A cross-sector response to identify and remedy outmoded building materials in public buildings is in development.
Two industry-led teams will be created to inform and advise the UK Government and building owners on the presence of reinforced autoclaved aerated concrete (RAAC) across the public sector estate.
It comes after 104 schools and colleges in England previously without mitigations in place may have been at risk of collapse due to RAAC being present.
All were told last week by the Department for Education (DfE) to vacate to safer settings, just days before the start of the autumn term.
The government has since published a list of all 147 schools requiring works.
Funding for essential works to remove any immediate risk is being made available by the government.
RAAC was a lightweight building material used to construct public buildings like schools and hospitals between the 1950s and mid-1990s.
However, the absence of coarse aggregate – present in ‘traditional’ reinforced concrete – means RAAC has a limited lifespan, after which it deteriorates rapidly, having usually developed air pockets inside.
In response, the Construction Leadership Council (CLC) aims to provide a “single industry approach” to the issue via two groups – a technical expert panel from professional bodies across the sector, as well as industry experts, and a communication and external engagement group to ensure that accurate information and guidance is provided to the industry and building owners.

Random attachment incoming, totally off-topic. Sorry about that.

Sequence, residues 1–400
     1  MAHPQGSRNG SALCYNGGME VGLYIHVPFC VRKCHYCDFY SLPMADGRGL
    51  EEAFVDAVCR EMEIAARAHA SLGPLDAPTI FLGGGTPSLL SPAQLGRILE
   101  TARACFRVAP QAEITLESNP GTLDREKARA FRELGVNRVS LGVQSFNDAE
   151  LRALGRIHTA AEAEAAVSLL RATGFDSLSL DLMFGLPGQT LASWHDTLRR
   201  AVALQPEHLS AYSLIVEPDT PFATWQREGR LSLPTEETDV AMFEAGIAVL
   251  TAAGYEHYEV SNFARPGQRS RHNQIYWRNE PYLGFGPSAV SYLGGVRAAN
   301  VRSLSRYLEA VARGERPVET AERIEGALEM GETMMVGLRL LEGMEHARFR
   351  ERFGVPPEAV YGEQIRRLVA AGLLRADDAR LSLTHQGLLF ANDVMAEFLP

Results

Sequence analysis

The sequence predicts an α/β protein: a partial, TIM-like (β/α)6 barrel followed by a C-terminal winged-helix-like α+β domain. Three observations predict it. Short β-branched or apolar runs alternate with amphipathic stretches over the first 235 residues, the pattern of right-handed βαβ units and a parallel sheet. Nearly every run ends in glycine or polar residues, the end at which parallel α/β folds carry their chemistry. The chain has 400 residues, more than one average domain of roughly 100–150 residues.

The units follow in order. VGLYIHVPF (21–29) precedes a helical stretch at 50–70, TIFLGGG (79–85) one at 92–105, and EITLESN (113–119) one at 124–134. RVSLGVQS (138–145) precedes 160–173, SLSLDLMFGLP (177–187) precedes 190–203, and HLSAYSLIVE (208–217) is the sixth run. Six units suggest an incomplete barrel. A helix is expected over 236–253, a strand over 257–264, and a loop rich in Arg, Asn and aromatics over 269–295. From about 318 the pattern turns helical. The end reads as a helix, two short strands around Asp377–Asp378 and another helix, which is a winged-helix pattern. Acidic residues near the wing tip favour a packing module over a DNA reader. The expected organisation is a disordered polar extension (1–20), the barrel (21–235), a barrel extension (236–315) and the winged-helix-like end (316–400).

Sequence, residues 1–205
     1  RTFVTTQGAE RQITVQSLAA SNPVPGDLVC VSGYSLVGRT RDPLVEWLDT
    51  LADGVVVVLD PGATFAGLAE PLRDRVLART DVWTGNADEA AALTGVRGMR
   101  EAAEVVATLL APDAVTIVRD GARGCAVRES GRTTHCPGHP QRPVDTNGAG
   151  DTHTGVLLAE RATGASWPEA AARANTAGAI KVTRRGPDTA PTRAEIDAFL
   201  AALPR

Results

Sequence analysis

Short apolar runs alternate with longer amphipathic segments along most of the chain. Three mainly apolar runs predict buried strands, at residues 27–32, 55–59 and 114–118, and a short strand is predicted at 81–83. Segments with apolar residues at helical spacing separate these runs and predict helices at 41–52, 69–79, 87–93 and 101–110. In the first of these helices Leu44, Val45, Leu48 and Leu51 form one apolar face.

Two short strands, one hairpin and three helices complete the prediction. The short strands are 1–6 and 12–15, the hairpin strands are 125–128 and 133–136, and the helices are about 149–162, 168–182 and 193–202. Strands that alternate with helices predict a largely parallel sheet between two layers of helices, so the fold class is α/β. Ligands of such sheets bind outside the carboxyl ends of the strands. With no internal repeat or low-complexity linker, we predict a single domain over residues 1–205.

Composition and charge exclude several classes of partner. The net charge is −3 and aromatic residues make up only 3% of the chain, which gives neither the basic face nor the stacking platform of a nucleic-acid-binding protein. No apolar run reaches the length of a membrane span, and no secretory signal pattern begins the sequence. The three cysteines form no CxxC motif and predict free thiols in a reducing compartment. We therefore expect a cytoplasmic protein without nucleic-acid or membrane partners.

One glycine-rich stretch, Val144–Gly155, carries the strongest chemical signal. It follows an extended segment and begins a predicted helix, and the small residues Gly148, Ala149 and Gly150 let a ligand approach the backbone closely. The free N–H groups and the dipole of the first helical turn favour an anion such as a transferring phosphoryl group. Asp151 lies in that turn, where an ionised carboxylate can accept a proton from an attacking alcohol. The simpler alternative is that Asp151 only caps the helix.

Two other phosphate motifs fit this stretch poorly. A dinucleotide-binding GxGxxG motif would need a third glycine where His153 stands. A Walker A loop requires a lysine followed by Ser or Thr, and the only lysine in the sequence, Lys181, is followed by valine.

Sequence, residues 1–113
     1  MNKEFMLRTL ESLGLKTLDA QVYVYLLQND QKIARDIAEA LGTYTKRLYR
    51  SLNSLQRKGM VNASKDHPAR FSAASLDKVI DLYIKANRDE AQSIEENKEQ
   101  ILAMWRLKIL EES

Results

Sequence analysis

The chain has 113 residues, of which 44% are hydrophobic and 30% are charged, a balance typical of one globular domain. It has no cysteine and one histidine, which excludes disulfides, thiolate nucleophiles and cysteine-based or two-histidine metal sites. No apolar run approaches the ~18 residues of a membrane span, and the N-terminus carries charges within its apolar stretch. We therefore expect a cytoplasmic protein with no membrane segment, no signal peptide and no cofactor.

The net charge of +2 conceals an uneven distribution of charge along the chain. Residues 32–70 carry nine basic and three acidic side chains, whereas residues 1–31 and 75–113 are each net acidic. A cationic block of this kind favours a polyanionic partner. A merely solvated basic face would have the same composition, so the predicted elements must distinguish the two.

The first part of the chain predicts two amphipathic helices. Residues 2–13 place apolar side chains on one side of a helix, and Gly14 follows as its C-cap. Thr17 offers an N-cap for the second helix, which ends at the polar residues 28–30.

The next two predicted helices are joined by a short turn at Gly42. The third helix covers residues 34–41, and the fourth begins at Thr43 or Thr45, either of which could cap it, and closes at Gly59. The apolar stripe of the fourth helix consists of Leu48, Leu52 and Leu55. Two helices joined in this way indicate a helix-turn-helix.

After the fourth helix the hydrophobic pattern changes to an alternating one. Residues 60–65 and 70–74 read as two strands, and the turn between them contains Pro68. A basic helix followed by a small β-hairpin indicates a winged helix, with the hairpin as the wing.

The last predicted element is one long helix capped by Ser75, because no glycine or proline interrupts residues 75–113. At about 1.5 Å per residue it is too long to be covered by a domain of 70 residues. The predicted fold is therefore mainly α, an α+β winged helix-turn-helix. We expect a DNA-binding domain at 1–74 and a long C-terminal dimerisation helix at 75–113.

These groups will be tasked with the following remit:
- An assessment of the current situation and risk levels;
- Supporting the design and delivery of remediation programmes.
It also aims to address some of the immediate support required, including provision of temporary buildings, and the availability and competence of inspectors.
The announcement comes amid reports some companies are taking advantage of the situation by increasing their prices for temporary accommodation.
Membership of both groups will be confirmed shortly, said the CLC.
“The CLC is working to co-ordinate a cross-sector response; marshalling technical expertise and industry capacity to support the government and building owners to develop an effective programme to assist with prioritising and mitigating the risks; and developing plans to remediate buildings where required,” said CLC co-chairman, Mark Reynolds.
Graham Watts, one of the leaders of the CLC’s Building Safety workstream, said: “While we anticipate that the majority of buildings that contain RAAC will remain safe, there is an urgent need to identify and remedy any risks to the public.
“As an industry, we will support the programme of expert assessment of structures, both public and private, to identify where RAAC has been used and to deal with it to make it safe.
“We will be setting up two groups to take this work forward – a technical expert panel to co-ordinate our cross-industry response, as well as a communications group. We will be confirming the full membership of both groups shortly, and their work will start immediately.”
Reynolds added: “The construction industry has a responsibility to ensure the safety and the confidence of the public in the buildings that are a part of the fabric of their daily lives.”
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